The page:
A Series by Paula Tobey
How often do you think about your life back when you were a teenager? Did your parents get after you about cleaning up your room? Did you get nagged?
Even if they did nag you, I bet it was not their goal. Let’s think of the goal of your child keeping his/her room clean. Is it so your house looks like a Southern Living magazine or is it so your child is prepared and responsible in life?
If the goal is to prepare them, your job is to facilitate them getting there themselves. You cannot make your teen be neat. What you can do is show them the value in being neat and that less clutter brings more peace.
Closet (clothing) storage and organization–
Have your teen go through their clothes and make piles of clothes that fit and don’t fit. Then have them sort further by season or if it is to be worn at school. If you can leave them to this task independently, GREAT. If not, help them with the first 5 pieces so they get the idea and wait for them to ask you to leave. JRemind them that the point is to make getting ready easier and faster. The goal is to love what they do have.)
I use the analogy ‘Love it, or Let it Go’ if I am ever unsure whether I should keep something. I try to think about when I would wear or use it and if nothing comes to mind immediately, let it go. If you have used it in the last 8-12 months good, if not, let it go.
Bathroom products and toiletries–
Teens seem to have a ton of products. One product for washing their faces, one for hair, one for body and the list goes on and on. Teen girls are marketed to on make up more than any other group. Choose a time to talk with your teens (not when they are already running late, because let’s face it, they probably are). Have them sort their cosmetics, products and toiletries by the expiration date to start. They will be releasing the clogged up space, much like a pore that needs air to breathe when they get rid of some of that stuff. Help them make a list of what they need to replace and the order of importance.
Desk and work spaces-
Teens have tons of homework and this area should be as clutter free as possible. Their minds cannot focus if they are looking at a mountain of x-box games, teen magazines or yesterday’s half eaten tuna sandwich! Have them clean the top off nightly and inside their desk area every month, or every other month. This ensures there cannot be too much in the way. This will help them be successful when getting started on their own, because we all know the goal is that they move out one day!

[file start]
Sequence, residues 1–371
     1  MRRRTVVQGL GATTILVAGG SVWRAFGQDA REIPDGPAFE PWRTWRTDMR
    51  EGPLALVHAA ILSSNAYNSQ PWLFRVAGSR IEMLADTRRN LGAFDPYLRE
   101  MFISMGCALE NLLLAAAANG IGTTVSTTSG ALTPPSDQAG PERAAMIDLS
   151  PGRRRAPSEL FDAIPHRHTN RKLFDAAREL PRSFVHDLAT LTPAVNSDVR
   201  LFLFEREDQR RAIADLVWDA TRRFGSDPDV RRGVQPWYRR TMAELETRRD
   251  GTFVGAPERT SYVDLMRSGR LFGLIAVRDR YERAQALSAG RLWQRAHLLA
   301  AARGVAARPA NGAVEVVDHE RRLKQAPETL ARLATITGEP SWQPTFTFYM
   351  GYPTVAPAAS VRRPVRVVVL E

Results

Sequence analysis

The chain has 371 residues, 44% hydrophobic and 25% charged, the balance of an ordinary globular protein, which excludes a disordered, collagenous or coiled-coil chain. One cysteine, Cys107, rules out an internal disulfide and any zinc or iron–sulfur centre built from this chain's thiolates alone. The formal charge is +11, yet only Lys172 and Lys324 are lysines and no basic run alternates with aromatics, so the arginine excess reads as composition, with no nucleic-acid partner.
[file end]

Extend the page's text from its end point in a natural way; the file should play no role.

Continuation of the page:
Being a coach to your teen is the easiest way to get them to cooperatively participate in cleaning. I suggest you have an open discussion of what peace they could have (which makes them successful) by taking the time now to get organized. I did not have the luxury of having my mom coach me. I wish she had because it would have saved me quite a few years as a young adult figuring out what did not work.
Want even more ways to get rid of the clutter and start living the life you were designed to live? Get Kathi’s book Clutter Free Quick and Easy Steps to Simplify Your Space!
What are your best decluttering tips for before baby? Tell us in the comments below and we will randomly pick one commenter to receive “21 Ways to Connect with Your Kids” by Kathi Lipp and Cheri Gregory.
Do you want more great information to make your family the best it can be? Subscribe to Paula’s blog and get weekly posts and encouragement to help you on your parenting journey. http://phemomenallife.com/
Paula Tobey is founder of PheMOMenal Life Ministries a community for women to go get encouraged and equipped to be the best mom’s they can be to their children by living a healthy balanced life and by becoming all that God created them to be.
She and her husband Roger are the parents of four young adults in San Jose, CA. When she’s not dating her husband or hanging out with her puggle Jake, Kathi is speaking at retreats, conferences and women’s events across the US.
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